Sean S, PG: "Reckless" is not a term identified in a vaccuum. As TtP points out above, recklessness is the disregard of a known risk. If Billy did not know of the risk of having sex without condoms--because he doesn't know what a condom is, having seemingly been raised on the dark side of the moon or something--then it's very tough for him to be reckless about it. The relevant Model Penal Code provision is 2.02(2)c: A person acts recklessly with respect to a material element of an offense when he consciously disregards a substantial and unjustifiable risk that the material element exists or will result from his conduct. The risk must be of such a nature and degree that, considering the nature and purpose of the actor's conduct and the circumstances known to him, its disregard involves a gross deviation from the standard of conduct that a law-abiding person would observe in the actor's situation. So that's one worry that's probably not of too much concern.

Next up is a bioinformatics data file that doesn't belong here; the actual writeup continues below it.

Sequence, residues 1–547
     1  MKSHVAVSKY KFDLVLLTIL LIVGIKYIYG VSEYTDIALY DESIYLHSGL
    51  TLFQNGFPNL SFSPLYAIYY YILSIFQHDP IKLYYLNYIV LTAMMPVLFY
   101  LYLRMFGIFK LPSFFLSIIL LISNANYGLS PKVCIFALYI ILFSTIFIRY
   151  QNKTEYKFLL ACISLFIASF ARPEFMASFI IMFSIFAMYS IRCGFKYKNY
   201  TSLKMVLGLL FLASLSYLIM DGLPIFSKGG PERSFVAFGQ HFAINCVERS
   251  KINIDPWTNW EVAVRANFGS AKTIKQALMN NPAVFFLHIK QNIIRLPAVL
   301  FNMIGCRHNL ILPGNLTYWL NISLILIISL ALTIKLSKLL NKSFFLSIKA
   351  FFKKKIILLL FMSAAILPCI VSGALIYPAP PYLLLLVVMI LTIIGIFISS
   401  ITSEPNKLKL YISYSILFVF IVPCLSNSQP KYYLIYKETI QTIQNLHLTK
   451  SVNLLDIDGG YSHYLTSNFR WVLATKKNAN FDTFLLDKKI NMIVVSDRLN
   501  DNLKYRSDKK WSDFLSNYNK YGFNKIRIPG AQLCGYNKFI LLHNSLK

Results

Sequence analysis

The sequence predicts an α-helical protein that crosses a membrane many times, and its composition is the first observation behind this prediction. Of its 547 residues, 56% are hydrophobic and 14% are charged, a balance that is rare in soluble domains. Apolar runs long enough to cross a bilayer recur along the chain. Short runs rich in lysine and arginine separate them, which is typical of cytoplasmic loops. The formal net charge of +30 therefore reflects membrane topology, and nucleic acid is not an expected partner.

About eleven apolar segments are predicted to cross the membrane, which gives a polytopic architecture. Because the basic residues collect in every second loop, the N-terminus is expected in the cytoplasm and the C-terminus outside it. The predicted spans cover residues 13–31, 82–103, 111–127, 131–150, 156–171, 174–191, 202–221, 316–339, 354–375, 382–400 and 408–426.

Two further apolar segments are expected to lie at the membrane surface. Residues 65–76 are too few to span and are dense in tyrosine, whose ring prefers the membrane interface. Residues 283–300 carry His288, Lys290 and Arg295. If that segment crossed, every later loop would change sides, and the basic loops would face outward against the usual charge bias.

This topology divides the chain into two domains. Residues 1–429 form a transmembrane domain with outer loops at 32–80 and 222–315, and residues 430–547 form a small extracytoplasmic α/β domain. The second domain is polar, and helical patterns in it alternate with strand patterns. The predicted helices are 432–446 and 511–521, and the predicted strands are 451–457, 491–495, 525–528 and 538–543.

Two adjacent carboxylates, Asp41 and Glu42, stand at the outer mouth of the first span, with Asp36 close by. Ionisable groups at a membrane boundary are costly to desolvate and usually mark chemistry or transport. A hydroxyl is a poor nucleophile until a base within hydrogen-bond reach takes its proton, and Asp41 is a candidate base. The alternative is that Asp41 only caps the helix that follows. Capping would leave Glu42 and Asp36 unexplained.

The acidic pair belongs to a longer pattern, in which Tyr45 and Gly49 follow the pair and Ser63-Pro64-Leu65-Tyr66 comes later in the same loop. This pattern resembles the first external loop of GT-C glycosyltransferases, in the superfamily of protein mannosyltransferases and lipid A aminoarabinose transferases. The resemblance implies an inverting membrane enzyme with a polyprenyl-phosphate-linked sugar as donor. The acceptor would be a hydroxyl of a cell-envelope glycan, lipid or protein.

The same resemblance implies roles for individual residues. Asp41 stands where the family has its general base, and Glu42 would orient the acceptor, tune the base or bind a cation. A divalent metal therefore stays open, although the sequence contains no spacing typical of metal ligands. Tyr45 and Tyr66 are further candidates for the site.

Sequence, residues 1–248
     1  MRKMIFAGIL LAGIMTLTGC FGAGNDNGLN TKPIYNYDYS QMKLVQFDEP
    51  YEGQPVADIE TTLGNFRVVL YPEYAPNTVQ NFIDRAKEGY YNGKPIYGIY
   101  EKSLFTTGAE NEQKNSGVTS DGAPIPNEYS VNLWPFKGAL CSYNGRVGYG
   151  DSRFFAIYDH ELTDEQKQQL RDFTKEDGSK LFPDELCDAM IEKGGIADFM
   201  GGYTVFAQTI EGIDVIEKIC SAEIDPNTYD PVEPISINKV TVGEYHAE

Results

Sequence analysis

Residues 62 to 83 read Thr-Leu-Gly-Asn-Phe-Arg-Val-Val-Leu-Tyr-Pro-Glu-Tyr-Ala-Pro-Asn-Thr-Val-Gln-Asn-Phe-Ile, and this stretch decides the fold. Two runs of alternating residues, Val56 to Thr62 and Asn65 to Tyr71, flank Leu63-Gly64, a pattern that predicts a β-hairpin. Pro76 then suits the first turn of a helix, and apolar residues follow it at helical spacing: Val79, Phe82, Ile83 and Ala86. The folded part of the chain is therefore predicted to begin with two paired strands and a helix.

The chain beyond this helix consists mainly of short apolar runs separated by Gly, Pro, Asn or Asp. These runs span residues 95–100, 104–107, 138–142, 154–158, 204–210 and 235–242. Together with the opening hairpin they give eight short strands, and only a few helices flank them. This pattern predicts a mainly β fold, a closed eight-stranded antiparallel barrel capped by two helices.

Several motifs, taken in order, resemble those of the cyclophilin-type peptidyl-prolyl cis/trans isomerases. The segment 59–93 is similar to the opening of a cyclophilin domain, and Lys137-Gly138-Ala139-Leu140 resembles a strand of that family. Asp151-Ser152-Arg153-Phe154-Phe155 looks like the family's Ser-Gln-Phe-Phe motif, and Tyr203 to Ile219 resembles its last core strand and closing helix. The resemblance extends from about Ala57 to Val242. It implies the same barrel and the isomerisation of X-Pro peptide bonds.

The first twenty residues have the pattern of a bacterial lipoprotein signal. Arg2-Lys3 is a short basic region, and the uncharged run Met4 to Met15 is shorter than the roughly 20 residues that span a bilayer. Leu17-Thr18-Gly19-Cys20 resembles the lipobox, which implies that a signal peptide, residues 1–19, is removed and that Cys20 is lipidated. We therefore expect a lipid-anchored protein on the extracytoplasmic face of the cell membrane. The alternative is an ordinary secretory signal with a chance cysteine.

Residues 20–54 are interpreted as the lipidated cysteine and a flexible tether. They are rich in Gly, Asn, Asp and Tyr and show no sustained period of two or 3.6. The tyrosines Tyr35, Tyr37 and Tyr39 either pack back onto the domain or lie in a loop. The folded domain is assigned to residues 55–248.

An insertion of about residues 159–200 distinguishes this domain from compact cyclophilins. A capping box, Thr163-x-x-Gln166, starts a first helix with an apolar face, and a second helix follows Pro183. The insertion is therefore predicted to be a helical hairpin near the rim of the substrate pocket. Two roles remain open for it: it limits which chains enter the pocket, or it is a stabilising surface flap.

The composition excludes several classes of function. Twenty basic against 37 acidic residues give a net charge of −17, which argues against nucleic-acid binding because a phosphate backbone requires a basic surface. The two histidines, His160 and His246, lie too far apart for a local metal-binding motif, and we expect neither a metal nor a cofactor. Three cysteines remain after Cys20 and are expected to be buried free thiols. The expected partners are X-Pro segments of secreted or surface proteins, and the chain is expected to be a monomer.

Actually, I have to say one more thing. The original article contains a section on the constitutionality of such a law, and the reasoning contained therein is, in a word, laughable. As Tony's already pointed out, the authors completely ignore the due process issue behind shifting the burden to the defense. Further, although Griswold and Roe would seem to indicate a certain constitutional limit to the states' power to legislate in these areas, the authors apparently believe that the source of the privacy right is the First Amendment. See ** at 79. (That's an honest suggestion, not just a cite. Go see it.) I'm not going to make the full argument that the Meyer-Pierce-Griswold-Roe-Loving freedoms stem from the 9th Amendment, but they definitely don't stem from freedom of speech. Notice one interesting dilemma the authors are in, though, because of the included defense of consent. The natural assumption would be that it's there because defense would wipe clean such a crime; we just wouldn't condemn the act if the other person were willing to go along. The authors seem to think, though, that it's merely useful to encouraging potential complainants to come forward. Well, who knows which it really is, but it's _one_ of them: Either it's unsafe sex that's wrong, or it's unconsented-to unsafe sex that's wrong. Now, if it's the latter, then the lack of consent becomes much more central to the behavior prohibited and the burden shift is unfair, as nonconsent starts to look like one of the material elements. (That's probably why the authors chose to characterize it otherwise.) But if it's the former, if the proposed law would target unprotected sex, _irrespective_ of consent, then they've wandered straight into Griswold land. For rather than affirmatively concluding that this or that form of sexual expression was healthy and meritorious and therefore to be encouraged by the state, that line of cases was, pretty transparently, about privacy. The whole point of Lawrence v. Texas is that the Court's not going to be in the business of judging which kind of relationships are good and which are bad. You wanna use your reproductive capacity in some way or another, the precedent is pretty clear that the courts won't allow the gov't to interfere because it's naughty. Anyway, I like these little corners where academics, for their best intentions, get forked between one constitutional prohibition on the one hand, and a different one on the other. God's little acre, it used to be called. TtP